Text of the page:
A bridge company official argued in an affidavit that a Detroit official told him state officials instructed the city not to sell Moroun rights to two pieces of land needed to build a twin span.

Detroit’s Chief Operating Officer Gary Brown gave The Detroit News on Friday a copy of the Nov. 7 letter, which makes no mention of instructions from the state not to sell the land rights to Moroun’s company. Snyder spokeswoman Sara Wurfel also said Snyder never instructed Detroit Emergency Manager Kevyn Orr’s team to deny Moroun the chance to buy the property rights.

“The NITC is one of the most important infrastructure projects with the utmost economic significance in our region, state and country, along with our largest trading partner, Canada. Continuing to move forward is essential. This ruling helps ensure that will happen,” Wurfel said Friday.

The Moroun family has spent more than $1 million since 2009 in its legislative fight against the state for the new bridge — separate from its legal maneuvers. More than $105,000 in political donations in the past five years has been donated to 18 of the 26 GOP senators who earlier this month voted to ban state purchases of land for the bridge.

Snyder and other proponents argue that the second span south of the Ambassador Bridge will bolster economic growth within America’s busiest international trade corridor and create jobs in Michigan.

Collyer’s ruling also gives the Coast Guard the right to prevent the Detroit International Bridge Co. from getting a permit to build a second span next to the Ambassador Bridge.

Originally posted by The Detroit News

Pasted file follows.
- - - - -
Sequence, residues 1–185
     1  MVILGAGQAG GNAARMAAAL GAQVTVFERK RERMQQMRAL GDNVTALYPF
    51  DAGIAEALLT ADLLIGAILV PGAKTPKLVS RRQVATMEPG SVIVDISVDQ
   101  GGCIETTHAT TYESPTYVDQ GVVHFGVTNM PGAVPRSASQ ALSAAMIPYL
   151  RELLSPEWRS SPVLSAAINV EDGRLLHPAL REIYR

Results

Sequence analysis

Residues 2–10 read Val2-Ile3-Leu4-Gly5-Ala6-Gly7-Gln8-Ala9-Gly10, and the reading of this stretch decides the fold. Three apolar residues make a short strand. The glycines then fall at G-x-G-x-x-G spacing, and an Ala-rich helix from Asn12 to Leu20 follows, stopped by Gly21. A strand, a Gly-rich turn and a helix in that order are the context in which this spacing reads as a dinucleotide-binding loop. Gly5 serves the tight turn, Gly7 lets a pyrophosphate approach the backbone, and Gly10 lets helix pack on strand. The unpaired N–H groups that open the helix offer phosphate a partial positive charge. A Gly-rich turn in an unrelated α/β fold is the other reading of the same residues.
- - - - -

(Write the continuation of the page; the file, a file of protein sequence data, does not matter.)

Federal judge denies Ambassador Bridge owner’s injunction request against rival span

Federal judge denies Ambassador Bridge owner’s injunction request against rival span

By Todd Spangler
Detroit Free Press Washington Staff

WASHINGTON — A federal judge Friday refused to stop the Coast Guard from issuing a permit allowing construction of a new bridge to rival the privately owned 84-year-old Ambassador Bridge.

U.S. District Judge Rosemary Collyer denied the request by Manuel (Matty) Moroun and his family, who control the Ambassador Bridge, saying they hadn’t shown that issuance of a Coast Guard permit for the rival bridge would inevitably cause “irreparable harm” to their enterprise.

While Collyer said the Ambassador Bridge’s owners, who say they want to build a second span of their own bridge, could be hurt in their efforts to find private capital for their project if a permit was issued, “the degree of this harm is not clear.”

“Upon close examination, the Court finds that (the bridge owner’s) contentions are unduly speculative and, therefore, insufficient to justify preliminary injunctive relief,” the judge said.

It means the Coast Guard is free to authorize the permit for the New International Trade Crossing, a span that would be paid for by Canada about two miles away from the existing bridge. The Moroun family has said it could take up to 75% of the old bridge’s traffic away.